In the prior art embodiments, the clock generator 318 or 418, in addition to attempting to provide an error-free clock, had to produce a very uniform clock in that edges had to be provided continuously and uniformly. This requirement further limited the design of the clock generator 318, 418. In a video decoder according to the present invention, a number of different designs can be used for the clock generator 518 because the continuous and uniform restriction has been removed. In the preferred embodiments, both the source rate converter 508 and output formatter 512 can operate from non-uniform clocks, provided that over a given time period the proper number of edges are received. This aspect allows the clock generator 518 to be a fractional N-type frequency synthesizer, a DDS (direct digital synthesizer) or a punctured clock. A punctured clock is one in which the clock will stall in order to create the required number of edges in a desired time period. More details on the clock generator 518 are available in the “Inverse Tracking Over Two Different Clock Domain” application referenced above. This flexibility in clock sources simplifies the design of a video decoder and thus is desirable. In addition, in the preferred embodiments, the clock generator 518 is a numeric clock generator, allowing the accuracy to be selected to meet the design goals. Further, the clock generator 518 is based on the sample clock so that tracking and drift are limited to that of the stable clock source.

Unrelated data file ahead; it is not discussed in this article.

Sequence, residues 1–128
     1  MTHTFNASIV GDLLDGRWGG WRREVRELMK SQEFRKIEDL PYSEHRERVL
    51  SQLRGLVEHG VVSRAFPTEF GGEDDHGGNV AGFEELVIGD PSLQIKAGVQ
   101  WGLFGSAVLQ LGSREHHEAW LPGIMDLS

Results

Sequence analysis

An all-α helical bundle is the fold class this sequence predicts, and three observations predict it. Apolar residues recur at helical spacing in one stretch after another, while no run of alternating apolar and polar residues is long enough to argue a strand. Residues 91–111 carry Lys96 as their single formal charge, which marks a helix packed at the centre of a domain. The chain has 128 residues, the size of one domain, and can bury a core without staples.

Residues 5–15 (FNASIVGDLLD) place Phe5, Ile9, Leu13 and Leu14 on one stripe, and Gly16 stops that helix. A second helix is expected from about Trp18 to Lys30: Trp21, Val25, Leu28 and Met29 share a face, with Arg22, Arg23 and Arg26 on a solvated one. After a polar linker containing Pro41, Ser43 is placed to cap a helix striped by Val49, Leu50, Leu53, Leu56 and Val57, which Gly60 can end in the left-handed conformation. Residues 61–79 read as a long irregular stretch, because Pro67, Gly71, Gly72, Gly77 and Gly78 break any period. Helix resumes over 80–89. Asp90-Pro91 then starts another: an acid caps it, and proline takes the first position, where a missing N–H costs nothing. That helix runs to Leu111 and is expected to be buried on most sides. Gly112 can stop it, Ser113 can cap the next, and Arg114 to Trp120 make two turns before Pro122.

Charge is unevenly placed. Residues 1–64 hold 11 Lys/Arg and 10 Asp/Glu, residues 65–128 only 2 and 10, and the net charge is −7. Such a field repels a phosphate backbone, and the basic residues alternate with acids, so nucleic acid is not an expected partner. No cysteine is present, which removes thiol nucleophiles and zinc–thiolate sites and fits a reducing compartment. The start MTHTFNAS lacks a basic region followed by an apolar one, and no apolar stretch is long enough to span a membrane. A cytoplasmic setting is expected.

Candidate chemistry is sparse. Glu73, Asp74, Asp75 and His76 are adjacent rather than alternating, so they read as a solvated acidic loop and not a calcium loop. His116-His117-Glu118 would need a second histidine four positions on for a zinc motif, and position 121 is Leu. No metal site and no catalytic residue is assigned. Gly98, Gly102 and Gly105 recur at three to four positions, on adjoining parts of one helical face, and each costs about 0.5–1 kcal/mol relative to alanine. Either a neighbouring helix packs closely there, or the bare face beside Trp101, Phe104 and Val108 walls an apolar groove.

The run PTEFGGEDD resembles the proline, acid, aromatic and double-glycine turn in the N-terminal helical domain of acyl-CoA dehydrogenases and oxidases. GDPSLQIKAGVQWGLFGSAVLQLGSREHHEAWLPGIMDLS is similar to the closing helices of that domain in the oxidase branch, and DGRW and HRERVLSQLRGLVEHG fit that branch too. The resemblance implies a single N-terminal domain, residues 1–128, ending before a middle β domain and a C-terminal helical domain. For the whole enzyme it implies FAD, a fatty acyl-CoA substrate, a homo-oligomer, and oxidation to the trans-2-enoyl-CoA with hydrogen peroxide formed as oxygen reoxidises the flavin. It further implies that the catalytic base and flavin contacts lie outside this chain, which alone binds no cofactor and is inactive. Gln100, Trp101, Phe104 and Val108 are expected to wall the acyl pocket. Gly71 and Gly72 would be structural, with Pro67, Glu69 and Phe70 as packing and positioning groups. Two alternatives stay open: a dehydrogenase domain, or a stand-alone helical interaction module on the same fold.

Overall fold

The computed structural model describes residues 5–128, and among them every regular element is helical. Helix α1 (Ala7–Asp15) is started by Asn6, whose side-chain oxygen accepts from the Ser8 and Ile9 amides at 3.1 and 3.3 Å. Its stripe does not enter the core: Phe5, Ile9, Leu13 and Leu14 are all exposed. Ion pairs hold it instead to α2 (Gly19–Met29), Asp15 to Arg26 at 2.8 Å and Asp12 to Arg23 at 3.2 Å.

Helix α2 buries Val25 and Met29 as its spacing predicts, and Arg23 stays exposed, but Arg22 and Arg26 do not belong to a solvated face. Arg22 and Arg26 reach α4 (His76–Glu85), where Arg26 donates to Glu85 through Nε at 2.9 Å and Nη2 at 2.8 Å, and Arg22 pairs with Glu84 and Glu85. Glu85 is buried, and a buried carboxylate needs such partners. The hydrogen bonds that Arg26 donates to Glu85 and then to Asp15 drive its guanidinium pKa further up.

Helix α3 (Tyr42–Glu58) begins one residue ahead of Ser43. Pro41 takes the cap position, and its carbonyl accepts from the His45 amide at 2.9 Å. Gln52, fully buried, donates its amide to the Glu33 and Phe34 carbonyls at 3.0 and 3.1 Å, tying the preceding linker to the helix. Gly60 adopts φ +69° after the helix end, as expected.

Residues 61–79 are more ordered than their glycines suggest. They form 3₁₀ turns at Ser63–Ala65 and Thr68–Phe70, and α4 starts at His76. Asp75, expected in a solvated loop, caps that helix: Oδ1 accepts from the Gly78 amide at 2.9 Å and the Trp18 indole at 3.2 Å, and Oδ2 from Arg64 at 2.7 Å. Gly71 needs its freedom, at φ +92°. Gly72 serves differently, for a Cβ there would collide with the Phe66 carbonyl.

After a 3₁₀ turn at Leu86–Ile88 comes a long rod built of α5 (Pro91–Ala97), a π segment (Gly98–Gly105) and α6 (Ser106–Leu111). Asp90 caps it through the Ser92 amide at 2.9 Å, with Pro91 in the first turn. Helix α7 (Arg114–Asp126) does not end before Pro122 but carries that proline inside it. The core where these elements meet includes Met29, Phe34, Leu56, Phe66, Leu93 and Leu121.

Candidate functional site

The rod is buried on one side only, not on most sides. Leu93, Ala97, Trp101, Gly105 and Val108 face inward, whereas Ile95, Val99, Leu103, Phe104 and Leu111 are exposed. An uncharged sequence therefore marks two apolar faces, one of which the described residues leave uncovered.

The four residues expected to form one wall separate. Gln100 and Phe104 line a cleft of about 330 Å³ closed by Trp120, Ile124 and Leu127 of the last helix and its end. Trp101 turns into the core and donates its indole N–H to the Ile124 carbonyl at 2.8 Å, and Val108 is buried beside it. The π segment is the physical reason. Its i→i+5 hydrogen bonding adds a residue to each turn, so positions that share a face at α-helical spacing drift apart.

By moving the composite decoder 510 ahead of the source rate converter 508 and also running it from the stable sample clock, clock-based errors are dramatically reduced. This provides an improved composite decode so that the luma and chroma values are much more accurate and stable. Further, by moving the decoding elements, namely the ADC and the composite decoder, to a stable sample clock, with the use of a source rate converter connected to the output formatter, greater flexibility is provided in the design of the clock generator driving the output sections of the circuitry. This flexibility eases overall circuit design.